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Why Doesn’t Rear-Wheel Drive Work in the Snow?

If you’ve ever spent time driving in the snow, then you’ve probably realized that front- or all-wheel drive is a much better choice for traction than rear-wheel drive (RWD). And if you haven’t driven in the snow, you’re probably curious why so many people recommend against RWD vehicles. We’ll explain to help you understand why rear-wheel drive isn’t the best choice for the snow.

It’s Not So Bad

To start, it’s important to understand that moving to a snowy climate with a rear-drive car isn’t exactly the end of the world despite what some snow-belt residents might tell you. In fact, advancements in electronics (such as with traction control or stability control) and tire technology have made it possible to own a rear-drive vehicle in a snowy area and not encounter too much trouble. But we still don’t recommend it — and here’s why.

Weight Problem

The biggest problem with rear-drive cars in snowy weather is one of weight. Namely, front-wheel-drive cars tend to have the weight of the engine over the drive wheels, which keeps those wheels firmly planted on the ground and allows front-wheel-drive vehicles to push through snowy weather without too much tire spinning.

Rear-wheel-drive vehicles don’t usually have the same benefit. Instead, rear-wheel-drive vehicles typically have an empty trunk or cargo area directly over the rear wheels. The drive wheels struggle for traction because they don’t have as much weight on top of them. The result is that rear-drive cars sometimes spin their tires at times when front-drive vehicles wouldn’t have any issues.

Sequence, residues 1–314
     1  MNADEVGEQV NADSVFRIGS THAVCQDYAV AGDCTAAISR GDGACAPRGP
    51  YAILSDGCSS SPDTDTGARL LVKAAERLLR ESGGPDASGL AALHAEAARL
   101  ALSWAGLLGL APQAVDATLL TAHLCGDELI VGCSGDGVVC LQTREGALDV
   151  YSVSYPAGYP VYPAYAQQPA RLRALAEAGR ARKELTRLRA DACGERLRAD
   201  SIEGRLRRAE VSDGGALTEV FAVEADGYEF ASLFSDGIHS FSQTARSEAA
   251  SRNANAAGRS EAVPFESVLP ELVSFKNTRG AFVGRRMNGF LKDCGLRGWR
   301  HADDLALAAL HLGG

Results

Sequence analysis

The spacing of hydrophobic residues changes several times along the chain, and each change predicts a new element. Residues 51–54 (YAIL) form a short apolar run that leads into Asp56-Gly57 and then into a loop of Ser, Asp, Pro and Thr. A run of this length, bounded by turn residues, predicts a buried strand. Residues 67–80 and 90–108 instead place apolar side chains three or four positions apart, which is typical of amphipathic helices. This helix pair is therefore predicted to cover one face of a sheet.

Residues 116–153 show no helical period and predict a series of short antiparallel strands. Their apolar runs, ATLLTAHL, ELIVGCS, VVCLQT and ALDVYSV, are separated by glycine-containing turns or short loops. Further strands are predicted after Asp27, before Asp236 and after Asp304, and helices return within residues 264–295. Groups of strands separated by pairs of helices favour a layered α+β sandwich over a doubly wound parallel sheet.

Fishtailing Is Possible

Because rear-drive vehicles have their drive wheels in a lighter part of the car than front-drive vehicles, they’re more prone to fishtailing. In this situation, a driver turns the wheel during acceleration, and the car’s rear wheels start to push it into a difficult spin. This isn’t as likely to happen with front-wheel-drive vehicles, whose wheels tend to have more traction.

As a result, we suggest that anyone with an unfamiliar rear-wheel-drive vehicle in a snowy climate should drive very carefully on snowy or icy roads, especially when turning. We also suggest visiting a snowy parking lot and slowly learning your vehicle’s limits so you don’t find them out on the road when it’s too late.

Don’t Mix Performance and Snow

The last reason that rear-wheel drive isn’t optimal for snow is that most modern rear-wheel-drive vehicles are performance cars such as Porsches, Mustangs or Camaros. Meanwhile, most common vehicles — Toyotas, Hondas, etc. — have converted to front-wheel drive due to improved efficiency and better year-round capabilities.

Of course, performance cars and snow isn’t a good mix. Most performance cars use summer tires that are designed for use in warm weather. Most performance cars also have low ground clearance — not good for the snow — and lots of power, which makes them hard to manage in low-traction situations. Indeed, many drivers have problems with rear-drive vehicles in the snow because the cars they’ve chosen just aren’t designed for snowy weather.

Related Snow Driving Articles:

Editor’s Note: This article has been updated for accuracy since it was originally published.

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